Streaming services like Netflix will ask you to stop circumventing your password


Streaming services like Disney +, Netflix, Amazon and others will ask you to stop sharing your password. According to the Associated Press (AP), streaming music, videos, and other services are losing billions of dollars a year in revenue to those who share their passwords with others. The AP notes that this may not seem like a huge amount to an industry that reports about $ 120 billion in profits annually, but the cost of developing new programming is expensive.

Streaming services want you to stop sharing your password with others

Consider that Amazon will spend $ 450 million on the first season of the “Lord of the Rings” series, which is four times the amount HBO paid for the “Throne Game” season. Tuna Amobi, an analyst at research firm CFRA, says: “Frankly, the industry has been striving for it. The question is when, not if. The landscape seems to be quite set for these new entrants, so it seems . “

Direct suppliers need to find the perfect balance. Of course, some offer service levels that encourage (or at least do not encourage) password sharing. Tightening password sharing may help some streaming companies generate extra revenue when password sharers decide to purchase their own subscription. On the other hand, getting too hard can shut down some users.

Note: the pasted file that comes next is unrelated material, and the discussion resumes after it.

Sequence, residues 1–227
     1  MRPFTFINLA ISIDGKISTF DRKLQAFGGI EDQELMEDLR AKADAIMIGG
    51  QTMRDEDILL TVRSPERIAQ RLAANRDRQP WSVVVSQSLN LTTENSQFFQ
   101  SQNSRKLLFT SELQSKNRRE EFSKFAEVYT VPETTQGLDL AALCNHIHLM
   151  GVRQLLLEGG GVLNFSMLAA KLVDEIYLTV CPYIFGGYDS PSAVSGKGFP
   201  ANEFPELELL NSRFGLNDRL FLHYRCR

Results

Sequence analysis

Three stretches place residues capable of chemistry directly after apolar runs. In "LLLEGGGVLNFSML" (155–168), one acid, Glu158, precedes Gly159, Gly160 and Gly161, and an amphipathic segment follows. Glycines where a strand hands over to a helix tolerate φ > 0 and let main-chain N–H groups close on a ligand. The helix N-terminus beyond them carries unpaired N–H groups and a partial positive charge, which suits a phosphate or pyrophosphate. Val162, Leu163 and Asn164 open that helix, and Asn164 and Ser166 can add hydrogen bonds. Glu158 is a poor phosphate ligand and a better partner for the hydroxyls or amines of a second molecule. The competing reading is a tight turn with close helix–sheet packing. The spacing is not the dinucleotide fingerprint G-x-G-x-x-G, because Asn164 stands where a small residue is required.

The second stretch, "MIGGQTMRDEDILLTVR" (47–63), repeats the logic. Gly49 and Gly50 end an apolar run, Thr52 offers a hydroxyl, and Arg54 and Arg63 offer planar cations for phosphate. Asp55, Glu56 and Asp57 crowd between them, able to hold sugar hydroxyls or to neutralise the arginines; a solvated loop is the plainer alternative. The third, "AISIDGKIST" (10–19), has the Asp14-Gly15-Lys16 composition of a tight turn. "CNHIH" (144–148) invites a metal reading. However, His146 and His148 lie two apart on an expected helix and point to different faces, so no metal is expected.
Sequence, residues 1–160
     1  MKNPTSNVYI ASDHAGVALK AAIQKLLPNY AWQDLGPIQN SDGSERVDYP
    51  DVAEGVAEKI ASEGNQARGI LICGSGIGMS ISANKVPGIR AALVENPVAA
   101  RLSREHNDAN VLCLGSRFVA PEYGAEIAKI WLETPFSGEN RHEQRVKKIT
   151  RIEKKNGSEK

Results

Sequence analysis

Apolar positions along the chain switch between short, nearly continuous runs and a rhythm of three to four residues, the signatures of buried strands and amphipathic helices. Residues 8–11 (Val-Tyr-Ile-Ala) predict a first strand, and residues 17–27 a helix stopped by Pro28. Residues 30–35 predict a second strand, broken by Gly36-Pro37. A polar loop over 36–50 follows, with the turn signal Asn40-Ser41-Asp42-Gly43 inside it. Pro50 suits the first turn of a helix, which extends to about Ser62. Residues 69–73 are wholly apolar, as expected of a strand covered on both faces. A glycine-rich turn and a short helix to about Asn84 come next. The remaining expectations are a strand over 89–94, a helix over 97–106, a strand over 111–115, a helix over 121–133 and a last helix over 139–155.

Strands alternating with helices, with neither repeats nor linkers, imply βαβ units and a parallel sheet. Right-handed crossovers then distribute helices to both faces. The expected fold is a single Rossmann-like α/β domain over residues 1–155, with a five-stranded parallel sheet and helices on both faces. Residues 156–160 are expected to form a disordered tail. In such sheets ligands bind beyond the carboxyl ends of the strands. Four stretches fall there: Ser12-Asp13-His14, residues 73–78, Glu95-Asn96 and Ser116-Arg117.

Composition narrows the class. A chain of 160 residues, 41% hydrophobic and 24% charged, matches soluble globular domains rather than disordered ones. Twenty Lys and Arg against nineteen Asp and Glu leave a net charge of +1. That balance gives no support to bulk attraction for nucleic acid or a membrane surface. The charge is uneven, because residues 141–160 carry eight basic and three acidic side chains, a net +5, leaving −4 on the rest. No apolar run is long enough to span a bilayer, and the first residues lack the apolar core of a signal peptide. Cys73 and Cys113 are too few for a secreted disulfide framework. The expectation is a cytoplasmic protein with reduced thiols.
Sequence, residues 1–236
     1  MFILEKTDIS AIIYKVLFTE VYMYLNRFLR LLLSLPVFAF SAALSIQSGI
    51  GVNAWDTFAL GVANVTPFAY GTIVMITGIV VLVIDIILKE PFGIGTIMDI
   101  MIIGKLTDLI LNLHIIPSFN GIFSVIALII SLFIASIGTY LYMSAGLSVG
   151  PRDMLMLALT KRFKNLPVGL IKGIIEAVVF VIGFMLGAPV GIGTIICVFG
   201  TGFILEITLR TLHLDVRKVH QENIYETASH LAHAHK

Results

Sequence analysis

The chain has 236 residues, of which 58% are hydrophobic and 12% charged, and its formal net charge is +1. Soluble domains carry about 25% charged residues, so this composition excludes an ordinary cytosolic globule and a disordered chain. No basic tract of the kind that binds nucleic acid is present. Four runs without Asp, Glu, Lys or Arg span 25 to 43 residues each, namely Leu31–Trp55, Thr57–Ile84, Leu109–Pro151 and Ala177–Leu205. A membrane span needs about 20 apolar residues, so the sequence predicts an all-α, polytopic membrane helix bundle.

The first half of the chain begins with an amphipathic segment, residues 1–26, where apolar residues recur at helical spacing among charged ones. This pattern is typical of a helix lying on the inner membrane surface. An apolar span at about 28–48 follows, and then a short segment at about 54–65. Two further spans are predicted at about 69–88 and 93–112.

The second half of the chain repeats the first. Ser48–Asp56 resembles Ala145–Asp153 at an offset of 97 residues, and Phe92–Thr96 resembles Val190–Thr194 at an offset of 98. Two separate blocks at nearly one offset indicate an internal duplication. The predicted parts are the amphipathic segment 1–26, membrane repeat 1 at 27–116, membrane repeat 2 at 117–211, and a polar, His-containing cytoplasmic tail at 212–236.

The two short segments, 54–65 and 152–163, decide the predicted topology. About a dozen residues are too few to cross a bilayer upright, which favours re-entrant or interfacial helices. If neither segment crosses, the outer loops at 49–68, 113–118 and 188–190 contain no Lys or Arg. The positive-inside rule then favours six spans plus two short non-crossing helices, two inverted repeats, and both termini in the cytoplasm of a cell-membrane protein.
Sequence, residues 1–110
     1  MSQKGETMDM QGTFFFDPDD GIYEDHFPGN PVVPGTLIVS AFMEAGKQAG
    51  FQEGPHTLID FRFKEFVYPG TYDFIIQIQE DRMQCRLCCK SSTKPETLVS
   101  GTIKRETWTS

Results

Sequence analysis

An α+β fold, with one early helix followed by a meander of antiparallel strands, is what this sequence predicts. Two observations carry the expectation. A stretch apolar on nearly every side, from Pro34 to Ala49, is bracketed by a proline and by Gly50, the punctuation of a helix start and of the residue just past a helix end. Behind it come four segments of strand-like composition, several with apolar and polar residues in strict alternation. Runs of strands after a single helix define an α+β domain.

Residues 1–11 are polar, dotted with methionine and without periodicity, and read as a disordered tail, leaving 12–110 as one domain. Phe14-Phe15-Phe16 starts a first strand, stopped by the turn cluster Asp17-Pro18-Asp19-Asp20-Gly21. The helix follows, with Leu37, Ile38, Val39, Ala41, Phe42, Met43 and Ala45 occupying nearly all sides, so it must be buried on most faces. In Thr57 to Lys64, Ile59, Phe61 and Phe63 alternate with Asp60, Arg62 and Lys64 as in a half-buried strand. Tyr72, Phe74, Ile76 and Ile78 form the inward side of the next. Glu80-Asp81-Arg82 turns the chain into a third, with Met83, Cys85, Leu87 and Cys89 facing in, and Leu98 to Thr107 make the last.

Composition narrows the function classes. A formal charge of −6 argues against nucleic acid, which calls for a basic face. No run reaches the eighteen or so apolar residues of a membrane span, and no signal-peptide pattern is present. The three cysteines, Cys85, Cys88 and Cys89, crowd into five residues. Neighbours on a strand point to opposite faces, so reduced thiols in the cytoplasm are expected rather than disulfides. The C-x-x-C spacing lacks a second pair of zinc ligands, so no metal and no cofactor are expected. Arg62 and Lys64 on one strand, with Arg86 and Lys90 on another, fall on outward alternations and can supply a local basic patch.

A few months ago, Netflix sent pop-ups asking users to verify their account by tapping a code sent via email or text. But Netflix let those who confirmed their accounts do so later. CFRA’s Amobi said of Netflix: “They are very cautious about it. If handled incorrectly, there is always a downside to this kind of movement.”

Netflix may not have been so concerned about subscribers sharing their password in the past. But now the world’s largest video streaming service is in competition with Disney +, which has half of the global subscribers that Netflix has amassed, but in just two years. Netflix CEO Reed Hastings said during a conference call last month: “We will never open something that feels like ‘turning the screws,'” Hastings said in a call with analysts in April. ” It must be felt that it makes sense for consumers to understand. “

Amobi points out that “programming costs will double or in some cases triple and quadruple, so you’ll have to fund them somewhere. Most services will look at losses in the next few years before they’re equal. So they can use all their orders can get.”

Josh Galassi, 30, from Seattle and works in public relations, says everyone he knows shares passwords just like him. “One of my rules is that I only share passwords with close friends or family,” Galassi said. “Or someone I know who has a service I don’t want to pay for, I ask them if they’re willing to share in return for what I paid.”


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